SEBI’s discussion paper on the introduction of dual-class shares has divided opinions, reports Mithun Varkey
Dual-class shares is a topic that divides opinions globally. It is no different in India, which has vocal opponents and passionate supporters for it. The Securities and Exchange Board of India’s (SEBI) 20 March discussion paper on allowing dual-class shares, or differentiated voting rights (DVR) as the regulator has named it, has ignited debates among capital markets practitioners, founders and investors.
Founders love dual or multiple classes of shares because it allows them to raise equity funding without diluting control, while investors prefer the traditional one share, one vote structure that gives them a proportionate say in the business.
Though dual-class share structures have been around for a long time, they were used very rarely. In the US, which has long allowed different classes of shares, some of the early adopters of the structure were family-owned companies that sought to keep control within the family with limited shareholding. Ford Motors, which went public in 1956, was one early adopter.
Newspaper publishers also realized the value of dual-class shares in ring-fencing their editorial department from the demands of prying shareholders. Famously, the New York Times issued dual-class shares when it went public in 1969, helping the paper keep its managerial and editorial independence over the years.
However, in the past couple of decades, dual-class voting rights have taken on new life as technology entrepreneurs realized their value in helping them retain control over their businesses, even after diluting their shareholdings in multiple rounds of equity funding. Google was among the first of the tech companies to give outsized power to its founders, Facebook followed suit and SNAP, the company that owns Snapchat, took it to the next level by introducing a third class of shares with no voting rights as it went public in March 2017.
Even as more and more companies adopted multiple-class shares in the US, the rest of the world, even major financial centres such as London, Hong Kong and Singapore, fended off demand from issuers, citing concerns over corporate governance and the need for minority shareholder protection.
With rising demand from issuers and growing competition between global stock exchanges in the highly globalized financial markets, lawmakers and regulators are being forced to abandon their steadfastness and embrace change.
Hong Kong Stock Exchange made the leap in 2018 when it allowed dual-class offerings, what it calls weighted voting rights, and its regional rival Singapore Stock Exchange followed suit the same year.
It would be hard for Indian regulators to hold back domestic bourses from allowing multiple classes of shares for much longer, and SEBI has set the ball rolling with the discussion paper. Indian regulations currently do not allow companies to issue shares with superior voting rights, however, they allow listed companies to offer lower voting rights that usually come with higher dividends.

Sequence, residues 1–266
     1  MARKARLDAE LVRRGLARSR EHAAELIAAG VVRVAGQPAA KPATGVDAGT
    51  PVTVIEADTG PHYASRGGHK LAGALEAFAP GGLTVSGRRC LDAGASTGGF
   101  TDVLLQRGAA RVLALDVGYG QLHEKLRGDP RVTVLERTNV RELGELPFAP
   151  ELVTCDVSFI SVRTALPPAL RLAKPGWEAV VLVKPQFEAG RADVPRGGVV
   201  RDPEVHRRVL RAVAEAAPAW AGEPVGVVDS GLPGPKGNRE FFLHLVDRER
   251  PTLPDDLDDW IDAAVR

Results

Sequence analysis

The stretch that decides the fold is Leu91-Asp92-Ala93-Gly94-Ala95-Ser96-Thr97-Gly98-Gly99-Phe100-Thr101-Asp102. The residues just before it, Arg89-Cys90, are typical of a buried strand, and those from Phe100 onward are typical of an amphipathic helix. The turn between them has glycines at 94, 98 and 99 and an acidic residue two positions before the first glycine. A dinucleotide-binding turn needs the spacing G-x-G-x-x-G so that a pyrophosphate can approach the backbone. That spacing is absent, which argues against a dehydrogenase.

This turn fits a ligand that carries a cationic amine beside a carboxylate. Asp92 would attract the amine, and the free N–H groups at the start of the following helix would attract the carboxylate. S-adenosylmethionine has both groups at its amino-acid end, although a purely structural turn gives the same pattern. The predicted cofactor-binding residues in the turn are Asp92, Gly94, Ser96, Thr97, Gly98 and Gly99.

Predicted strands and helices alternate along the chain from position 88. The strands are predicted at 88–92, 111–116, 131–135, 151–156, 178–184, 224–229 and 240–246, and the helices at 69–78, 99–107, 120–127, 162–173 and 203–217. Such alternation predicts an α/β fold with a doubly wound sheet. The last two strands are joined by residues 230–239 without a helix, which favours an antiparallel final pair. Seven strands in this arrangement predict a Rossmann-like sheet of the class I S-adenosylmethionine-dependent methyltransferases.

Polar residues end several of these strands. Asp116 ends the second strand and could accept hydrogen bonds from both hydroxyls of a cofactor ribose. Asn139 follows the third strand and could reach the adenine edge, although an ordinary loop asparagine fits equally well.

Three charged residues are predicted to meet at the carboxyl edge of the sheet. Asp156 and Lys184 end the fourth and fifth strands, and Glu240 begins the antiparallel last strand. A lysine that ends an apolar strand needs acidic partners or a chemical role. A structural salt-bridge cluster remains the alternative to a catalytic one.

Is India ready?
“There is a strong case for allowing shares with superior voting rights in India, especially for technology companies,” says Shinoj Koshy, a New Delhi-based partner with L&L Partners. “Most technology startups have no access to debt funding because of their asset-light business model. And after multiple rounds of private equity funding, the founders are left with little control in a business they founded and built.”
Rameesh Kailasam, CEO of Indiatech, a lobby group for Indian consumer internet companies, says, “Introducing DVRs is only one step towards providing a level playing field for Indian founders, and bringing them on par with their global peers. When companies reach a certain scale, listing in India is difficult because of the current regulations, so there have been demands from founders and investors to ease listing requirements, and allowing DVRs is a part of the changes recommended.”
However, there are strong and valid arguments against DVRs and there are some vocal opponents. Sandeep Parekh, the managing partner of Finsec Law Advisors, is one such voice.
“We [India] are not yet ready for it,” says Parekh. “If anything, the problem in India is that promoters have too much control. On average Indian promoters own more than 45% shareholding in listed companies. So, the argument that promoters are not adequately empowered is a fallacious premise. What India actually needs is more fragmented shareholding.”
Ankit Kashyap, a partner at Sidley Austin in Singapore, says, “The use of superior voting rights may be relevant in certain specific companies such as technology companies where the promoter’s role is critical to the growth of business [take the example of Facebook, where Mark Zuckerberg is synonymous with the company itself], but I don’t believe that the markets will welcome DVR offerings by companies in most other industries.”
Koshy says a workaround would be to introduce DVRs for a limited number of sectors, startups or asset-light companies. Hong Kong, for instance, allows differential voting rights exclusively for innovative companies or biotech companies.
Kailasam argues that these startups are unique because their business models are different from the traditional companies with factories and hard assets. They are focused on customer acquisition and it is hard for them to be profitable without substantial investment.
“There is also strategic value in supporting these startups. If you want to produce the next big names out of this part of the world … you will have them, but they will not be listed here and their holding companies will be based somewhere else. The trillion-dollar funding that should come to India will never come,” Kailasam says.
Parekh believes that there is no reason to make exceptions for select industries. “Only superior voting rights are banned, companies can issue shares with lower voting rights if they want,” he says.
“Investors value voting rights a lot. Tata Motors’ shares with inferior voting rights, even though they have higher dividends, are trading at nearly 50% discount, which shows that public markets think voting rights are valuable,” Parekh says.